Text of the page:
Even before he became a Giving Pledger in 2010, the Modesto native had regularly given large gifts to his alma mater, the University of Southern California, including one of his largest gifts, $175 million, to support initiatives at the film school. In October, Variety reported that $10 million of that gift will be used to provide financial support to African American and Hispanic students at the USC School of Cinematic Arts.

Over the years, Lucas also launched half a dozen foundations, most of which are aimed at enhancing education via the development of innovative teaching models and the dissemination of best practices. The largest of these are the George Lucas Family Foundation and the George Lucas Educational Foundation (GLEF). 

GLEF works in conjunction with Lucas’ online think tank and operating foundation, Edutopia, to share and promote educational innovations, including cooperative and project learning; mentorship; parental involvement; and technological advances.  As an operating foundation, Edutopia runs its own programs and does not engage in grantmaking.

“Our goal has been to showcase bold successes and inspire others to further increase the appetite for education,” Lucas said of GLEF and Edutopia. “Our hope is that administrators, teachers, and parents will see the power of these collective efforts and join the fight for wider reforms.”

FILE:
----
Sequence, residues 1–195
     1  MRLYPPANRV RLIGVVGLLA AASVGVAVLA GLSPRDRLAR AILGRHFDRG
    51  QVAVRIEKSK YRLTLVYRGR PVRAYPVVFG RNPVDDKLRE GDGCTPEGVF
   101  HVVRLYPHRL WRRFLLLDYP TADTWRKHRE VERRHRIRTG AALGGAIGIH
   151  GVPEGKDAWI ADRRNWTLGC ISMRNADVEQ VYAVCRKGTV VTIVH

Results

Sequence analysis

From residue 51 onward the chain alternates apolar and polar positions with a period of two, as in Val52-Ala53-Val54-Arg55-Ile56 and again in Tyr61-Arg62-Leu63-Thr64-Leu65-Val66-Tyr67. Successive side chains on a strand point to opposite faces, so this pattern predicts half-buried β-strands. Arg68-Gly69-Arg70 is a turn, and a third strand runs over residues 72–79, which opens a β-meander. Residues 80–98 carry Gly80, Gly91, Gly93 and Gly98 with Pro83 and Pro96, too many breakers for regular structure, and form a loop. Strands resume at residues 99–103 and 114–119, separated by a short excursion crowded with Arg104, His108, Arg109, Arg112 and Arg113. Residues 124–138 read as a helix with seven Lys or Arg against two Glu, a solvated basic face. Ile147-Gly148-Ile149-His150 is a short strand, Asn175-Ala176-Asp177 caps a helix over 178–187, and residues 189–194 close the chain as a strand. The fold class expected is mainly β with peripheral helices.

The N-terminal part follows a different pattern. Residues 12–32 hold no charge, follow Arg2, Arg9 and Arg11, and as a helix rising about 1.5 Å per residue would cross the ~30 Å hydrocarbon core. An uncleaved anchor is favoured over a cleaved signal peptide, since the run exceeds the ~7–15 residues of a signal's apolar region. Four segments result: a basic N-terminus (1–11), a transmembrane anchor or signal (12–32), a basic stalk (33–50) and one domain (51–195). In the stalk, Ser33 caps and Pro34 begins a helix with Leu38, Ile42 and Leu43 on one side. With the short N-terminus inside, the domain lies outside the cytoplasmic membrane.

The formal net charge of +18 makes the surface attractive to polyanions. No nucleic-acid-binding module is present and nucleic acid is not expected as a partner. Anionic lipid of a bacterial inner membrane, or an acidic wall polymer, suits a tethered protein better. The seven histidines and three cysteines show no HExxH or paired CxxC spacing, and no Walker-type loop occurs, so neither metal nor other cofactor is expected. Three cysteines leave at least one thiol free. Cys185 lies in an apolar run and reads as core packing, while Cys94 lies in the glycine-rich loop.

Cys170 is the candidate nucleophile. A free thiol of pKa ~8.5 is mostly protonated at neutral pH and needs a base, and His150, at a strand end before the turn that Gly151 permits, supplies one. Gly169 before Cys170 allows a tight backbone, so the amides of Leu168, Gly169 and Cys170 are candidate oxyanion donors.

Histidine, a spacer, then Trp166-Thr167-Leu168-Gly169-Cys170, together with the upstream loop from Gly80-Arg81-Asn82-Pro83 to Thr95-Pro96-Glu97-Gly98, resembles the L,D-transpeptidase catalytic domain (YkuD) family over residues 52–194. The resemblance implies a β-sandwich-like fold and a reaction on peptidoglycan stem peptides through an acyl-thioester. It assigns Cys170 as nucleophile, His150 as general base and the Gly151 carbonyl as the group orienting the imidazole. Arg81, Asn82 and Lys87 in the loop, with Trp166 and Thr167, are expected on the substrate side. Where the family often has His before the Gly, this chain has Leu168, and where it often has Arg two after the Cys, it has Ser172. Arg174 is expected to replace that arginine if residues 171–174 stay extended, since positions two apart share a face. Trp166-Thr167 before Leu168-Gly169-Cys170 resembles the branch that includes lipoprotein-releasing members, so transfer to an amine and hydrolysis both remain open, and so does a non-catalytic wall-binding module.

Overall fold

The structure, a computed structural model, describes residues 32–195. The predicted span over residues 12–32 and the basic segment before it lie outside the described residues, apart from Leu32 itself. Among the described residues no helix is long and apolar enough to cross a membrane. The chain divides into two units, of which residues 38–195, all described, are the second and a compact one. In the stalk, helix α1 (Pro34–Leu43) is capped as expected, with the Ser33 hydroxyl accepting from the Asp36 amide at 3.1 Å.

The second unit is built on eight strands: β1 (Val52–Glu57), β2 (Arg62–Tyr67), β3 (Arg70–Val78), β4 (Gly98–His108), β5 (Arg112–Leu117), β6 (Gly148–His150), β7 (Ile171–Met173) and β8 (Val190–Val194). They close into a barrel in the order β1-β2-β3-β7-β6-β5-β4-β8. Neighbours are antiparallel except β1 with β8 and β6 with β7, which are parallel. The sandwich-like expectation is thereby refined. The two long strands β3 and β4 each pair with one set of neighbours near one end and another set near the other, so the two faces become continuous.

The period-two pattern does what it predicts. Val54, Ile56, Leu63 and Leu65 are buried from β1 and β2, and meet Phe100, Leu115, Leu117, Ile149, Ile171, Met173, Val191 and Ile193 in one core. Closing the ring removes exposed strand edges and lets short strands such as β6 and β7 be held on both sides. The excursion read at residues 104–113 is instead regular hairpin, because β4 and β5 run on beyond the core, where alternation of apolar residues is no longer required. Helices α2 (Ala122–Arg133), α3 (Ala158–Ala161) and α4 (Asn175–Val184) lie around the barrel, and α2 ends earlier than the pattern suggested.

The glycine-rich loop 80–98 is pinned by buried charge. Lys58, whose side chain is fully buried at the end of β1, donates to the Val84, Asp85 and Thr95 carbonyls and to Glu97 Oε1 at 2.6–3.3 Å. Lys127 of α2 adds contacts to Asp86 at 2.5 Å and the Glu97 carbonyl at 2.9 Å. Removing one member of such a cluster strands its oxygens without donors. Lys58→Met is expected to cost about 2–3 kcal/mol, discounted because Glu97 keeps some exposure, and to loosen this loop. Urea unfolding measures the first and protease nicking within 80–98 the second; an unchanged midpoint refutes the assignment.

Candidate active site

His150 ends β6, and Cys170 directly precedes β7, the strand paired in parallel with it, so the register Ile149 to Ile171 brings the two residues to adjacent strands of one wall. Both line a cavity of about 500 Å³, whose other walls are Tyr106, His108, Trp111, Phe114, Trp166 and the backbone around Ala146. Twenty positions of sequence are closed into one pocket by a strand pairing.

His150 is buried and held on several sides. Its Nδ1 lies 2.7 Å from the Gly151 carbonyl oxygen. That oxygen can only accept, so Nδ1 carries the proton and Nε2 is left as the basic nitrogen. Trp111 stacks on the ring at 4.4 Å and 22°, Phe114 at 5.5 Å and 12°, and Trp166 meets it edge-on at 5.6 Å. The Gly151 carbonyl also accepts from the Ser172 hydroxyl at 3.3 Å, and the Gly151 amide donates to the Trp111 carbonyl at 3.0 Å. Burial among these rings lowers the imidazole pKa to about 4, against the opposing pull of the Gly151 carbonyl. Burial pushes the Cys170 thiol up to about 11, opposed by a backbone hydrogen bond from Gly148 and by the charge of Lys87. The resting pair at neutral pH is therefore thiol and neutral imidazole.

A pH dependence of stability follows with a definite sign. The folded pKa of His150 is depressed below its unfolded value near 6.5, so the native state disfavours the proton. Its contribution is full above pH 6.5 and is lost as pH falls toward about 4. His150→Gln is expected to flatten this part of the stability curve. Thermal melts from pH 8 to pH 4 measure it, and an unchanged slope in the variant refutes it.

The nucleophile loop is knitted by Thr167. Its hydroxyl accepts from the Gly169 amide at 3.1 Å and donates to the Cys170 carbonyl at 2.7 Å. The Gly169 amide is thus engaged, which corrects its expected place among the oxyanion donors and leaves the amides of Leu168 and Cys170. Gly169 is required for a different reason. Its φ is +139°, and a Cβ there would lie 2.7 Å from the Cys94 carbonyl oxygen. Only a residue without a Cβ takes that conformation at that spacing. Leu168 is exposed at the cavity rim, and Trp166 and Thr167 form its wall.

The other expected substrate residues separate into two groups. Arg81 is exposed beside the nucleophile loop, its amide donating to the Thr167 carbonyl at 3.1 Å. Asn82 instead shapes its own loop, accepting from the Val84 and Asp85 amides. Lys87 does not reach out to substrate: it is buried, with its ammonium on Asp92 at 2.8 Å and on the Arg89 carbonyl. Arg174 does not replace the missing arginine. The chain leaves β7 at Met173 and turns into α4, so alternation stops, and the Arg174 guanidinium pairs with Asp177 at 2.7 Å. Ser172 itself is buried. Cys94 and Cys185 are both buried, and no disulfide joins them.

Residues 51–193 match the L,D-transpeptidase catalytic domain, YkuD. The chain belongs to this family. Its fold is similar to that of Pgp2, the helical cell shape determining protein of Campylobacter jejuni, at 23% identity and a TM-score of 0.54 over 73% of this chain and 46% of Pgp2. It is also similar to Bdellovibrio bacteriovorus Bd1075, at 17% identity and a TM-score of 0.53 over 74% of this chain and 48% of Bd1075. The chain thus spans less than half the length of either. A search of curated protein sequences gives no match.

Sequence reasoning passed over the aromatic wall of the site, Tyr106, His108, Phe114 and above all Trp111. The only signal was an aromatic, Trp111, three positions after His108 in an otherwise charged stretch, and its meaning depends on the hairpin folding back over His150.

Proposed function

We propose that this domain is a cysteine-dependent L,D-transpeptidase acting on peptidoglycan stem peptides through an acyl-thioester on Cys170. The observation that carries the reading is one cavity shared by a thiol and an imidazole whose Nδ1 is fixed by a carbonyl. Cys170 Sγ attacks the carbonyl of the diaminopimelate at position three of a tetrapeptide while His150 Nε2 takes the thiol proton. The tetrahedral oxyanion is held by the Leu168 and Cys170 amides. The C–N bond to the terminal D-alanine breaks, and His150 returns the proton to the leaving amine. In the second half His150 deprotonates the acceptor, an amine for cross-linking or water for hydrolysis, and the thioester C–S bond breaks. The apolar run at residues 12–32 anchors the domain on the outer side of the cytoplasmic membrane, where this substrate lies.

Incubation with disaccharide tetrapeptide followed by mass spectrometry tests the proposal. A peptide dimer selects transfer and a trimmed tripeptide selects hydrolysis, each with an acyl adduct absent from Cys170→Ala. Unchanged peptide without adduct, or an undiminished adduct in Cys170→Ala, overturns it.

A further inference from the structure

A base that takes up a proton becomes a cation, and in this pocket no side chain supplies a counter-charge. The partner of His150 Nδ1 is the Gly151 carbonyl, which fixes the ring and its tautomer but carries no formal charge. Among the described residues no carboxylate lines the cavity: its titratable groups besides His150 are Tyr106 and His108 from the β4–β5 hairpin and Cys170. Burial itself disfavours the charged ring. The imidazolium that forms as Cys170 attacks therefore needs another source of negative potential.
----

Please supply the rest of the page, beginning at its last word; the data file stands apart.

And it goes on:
“It became my passion…to promote active, life-long learning.”

According to 2013 tax returns, the George Lucas Foundation distributed nearly $18.6 million to 161 organizations in the United States, including nonprofits in California, New York, and Washington, D.C.  Although several of the recipients are based in Los Angeles, the majority are located in Northern California, primarily in the San Francisco Bay Area, where Lucas’s former companies are based.

The largest foundation gifts - $5.9 million, $2.8 million, two gifts of $2.1 million and $1.4 million - were all given to support USC’s Phase III expansion of the School of Cinematic Arts.  The foundation also awarded general support grants of $525,000 and $11,600 to GLEF; $250,000 to the Film Foundation – Los Angeles; $200,000 to the Film Foundation – New York; $100,000 to the Center for the Education of the Infant Deaf in Berkeley, California; and $25,000 to the Brady Center to Prevent Gun Violence in Washington, D.C.

Also in 2013, dozens of San Francisco-based education, arts and health and human services organizations received smaller grants and donations, ranging from $500 up to $25,000, including the San Francisco AIDS Fund/Breast Cancer Emergency Fund’s Trivia Night Fundraiser ($25,000) and the San Francisco Film Society ($25,000). 

In addition, the IRS returns reveal that the foundation has approved $135.5 million in future payments.  The largest portion of that, $100 million, will bolster the Bill & Melinda Gates Foundation’s support for the Global Polio Eradication Initiative. 

Other large future gifts include $25 million to the University of Chicago; $9 million to USC to endow three new faculty chairs in the cinematic arts; and $1 million to the Smithsonian Institution’s National Museum of African Art.